We first discuss ways in which the 'force of infection', A, may be evaluated. One
widely employed assumption in mathematical epidemiology is that the net rate
of acquisition of infection within the population is proportional to the product of
the density of susceptibles, X, times the density of infectives, Y; that is, infections
appear at the rate fiX Y, where ,i is a 'transmission coefficient'. This assumption
is sometimes called the 'mass action' principle (in obvious analogy with the
processes deriving from binary collisions between atoms in an ideal gas), and it
rests in part on the assumption that the population is 'homogeneously mixed' (with
local groupings in families or schools all averaged out). The coefficient ,i here has
two components, one representing the average frequency of contact between
susceptibles and infectives, and the other denoting the likelihood that a contact
actually results in transmission. Under this assumption the per capita force of
infection at time t, A(t), is given by

                                A(t) = fl    Y(a, t) da.                            (7)
Although all the other parameters in the general model (iu, o-, A, a) may be
measured, any direct estimate of the transmission parameter fl is likely to be quite
hopeless in view of the diversity of factors compounded in it.
  The parameter A may, however, in equilibrium situations often be determined
directly; this possibility is pursued further below, and in Appendix 2. In order to
discuss equilibrium circumstances, we must first restrict the generality of equations
(3)-(6) in two ways. First, we follow the almost universal practice of taking the
total community size to be approximately constant, so that the net input of
susceptibles by births roughly balances the net loss due to deaths; things are
substantially more complicated if the total size of the population is itself rapidly
changing. Second, we follow the even more invariable practice of assuming the
infection is not a significant cause of mortality (i.e. a = 0). It is then a relatively
straightforward matter to obtain the equilibrium versions of equations (3)-(6) by
dropping all dependence on t (which includes putting all the partial derivatives
alat = 0); this leads to a set of first-order ordinary differential equations for X(a),
H(a), Y(a) and Z(a). As discussed more fully in Appendix 1, explicit expressions
for these equilibrium age-distributions may be obtained. In particular, at equi-
librium the fraction of all individuals in age class a that are susceptible,
x(a) _ X(a)/N(a), is given by

                              x(a) = exp (- AT(s)ds).                               (8)
Thus if we have serological or other information about the age-specific susceptibility
patterns, we can deduce the age-specific force of infection, A(a). Notice also that,
Vaccination against rubella and measles                       265
if A is taken to be a constant, it is simply the inverse of the average age at first
infection, A (so that A can be inferred directly from knowledge of A):

                               A       x(a)da = 1/A.                               (9)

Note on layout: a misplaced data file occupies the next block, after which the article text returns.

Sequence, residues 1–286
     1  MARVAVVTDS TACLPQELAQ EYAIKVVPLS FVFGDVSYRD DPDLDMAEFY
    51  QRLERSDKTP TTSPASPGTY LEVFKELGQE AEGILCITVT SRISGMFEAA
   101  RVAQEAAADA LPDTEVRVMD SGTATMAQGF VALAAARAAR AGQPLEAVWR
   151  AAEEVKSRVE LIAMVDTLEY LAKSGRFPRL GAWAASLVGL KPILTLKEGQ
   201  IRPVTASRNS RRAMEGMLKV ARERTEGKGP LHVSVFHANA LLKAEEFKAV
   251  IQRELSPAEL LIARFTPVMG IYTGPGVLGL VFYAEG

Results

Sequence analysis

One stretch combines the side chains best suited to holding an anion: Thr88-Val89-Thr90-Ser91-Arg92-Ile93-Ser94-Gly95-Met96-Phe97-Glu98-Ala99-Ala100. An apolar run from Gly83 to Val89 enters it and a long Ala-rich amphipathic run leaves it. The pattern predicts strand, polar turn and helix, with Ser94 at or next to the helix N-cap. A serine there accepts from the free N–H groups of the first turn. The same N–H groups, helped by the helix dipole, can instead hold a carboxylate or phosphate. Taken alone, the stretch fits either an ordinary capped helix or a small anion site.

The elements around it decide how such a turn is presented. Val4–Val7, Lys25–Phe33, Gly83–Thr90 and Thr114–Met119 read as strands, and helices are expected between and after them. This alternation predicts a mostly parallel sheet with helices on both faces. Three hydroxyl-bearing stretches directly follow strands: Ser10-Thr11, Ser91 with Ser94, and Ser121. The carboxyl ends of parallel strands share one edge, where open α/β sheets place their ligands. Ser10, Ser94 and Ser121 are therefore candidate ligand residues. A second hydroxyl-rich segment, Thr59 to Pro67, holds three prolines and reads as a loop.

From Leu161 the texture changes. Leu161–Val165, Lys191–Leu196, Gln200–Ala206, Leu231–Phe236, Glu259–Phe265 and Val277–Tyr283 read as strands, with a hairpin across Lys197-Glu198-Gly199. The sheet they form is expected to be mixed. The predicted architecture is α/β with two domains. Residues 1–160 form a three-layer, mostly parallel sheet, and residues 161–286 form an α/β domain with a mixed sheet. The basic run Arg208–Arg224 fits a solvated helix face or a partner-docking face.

These questions are pursued in detail in Appendix 2.
   It is worth emphasizing that, if A is estimated directly, the overall rate of
acquisition of infection, AX, is only explicitly assumed to be proportional to the
density of susceptibles, X. This may be christened the assumption of 'weak
homogeneous mixing ', in contrast to the 'strong homogeneous mixing' assumption
that this rate is proportional both to X and to Y, JIX Y. It seems to us more likely
to be true that the net rate of acquisition of new infections is proportional to the
density of susceptibles, X, than that it is proportional to the density of infectives,
Y; doubling the number of susceptibles in a school is arguably more likely to double
the net infection rate than is doubling the number of infectious individuals. In what
follows, we will try to distinguish between tests of the theory that corroborate the
usual (strong) 'homogeneous mixing' assumption from those that corroborate the
'weak homogeneous mixing' one.
   The approach to estimating A embodied in equations (8) and (9) is pretty much
confined to equilibrium situations. Once the numbers of susceptible, latent,
infectious, and immune individuals are changing in time, in response to some
perturbation (such as a vaccination programme), we need to make some assumption
about the way such changes will affect A(t): the simplest such assumption is that
of (strong) homogeneous mixing.
   In much of what follows, we deal with the total number of susceptible, latent,
infectious, and immune individuals (X(t), H(t), Y(t) and Z(t), respectively) rather
than with the age-structured details. These quantities are obtained from equation
(1) and its relatives; they obey a set of first-order ordinary differential equations
which may be derived by integration over all ages a in equations (3)-(6). These
results are discussed in Appendix 1.
   We now take up a series of detailed points pertaining to estimation of the various
epidemiological and demographic parameters.

                                  Human mortality
  Most mathematical studies ofthe dynamics of viral (and bacterial and protozoan)
infections in human communities assume that the death rate of individuals within
the population is constant and independent of age: u = constant (see, for example,
Bailey, 1975; Dietz, 1975). This is done largely because it makes the mathematics
easier and more elegant, rather than because real populations have age-independent
death rates. As we see below, when a more realistic expression is used for ,t(a) most
epidemiological results are altered, albeit in a marginal way (rather than being
qualitatively changed).
   Fig. 1 displays the actual age-specific survivorship curve for the population of
England and Wales (both females and males) in 1977; the average life expectancy
within this population was approximately 75 years. This pattern is typical of those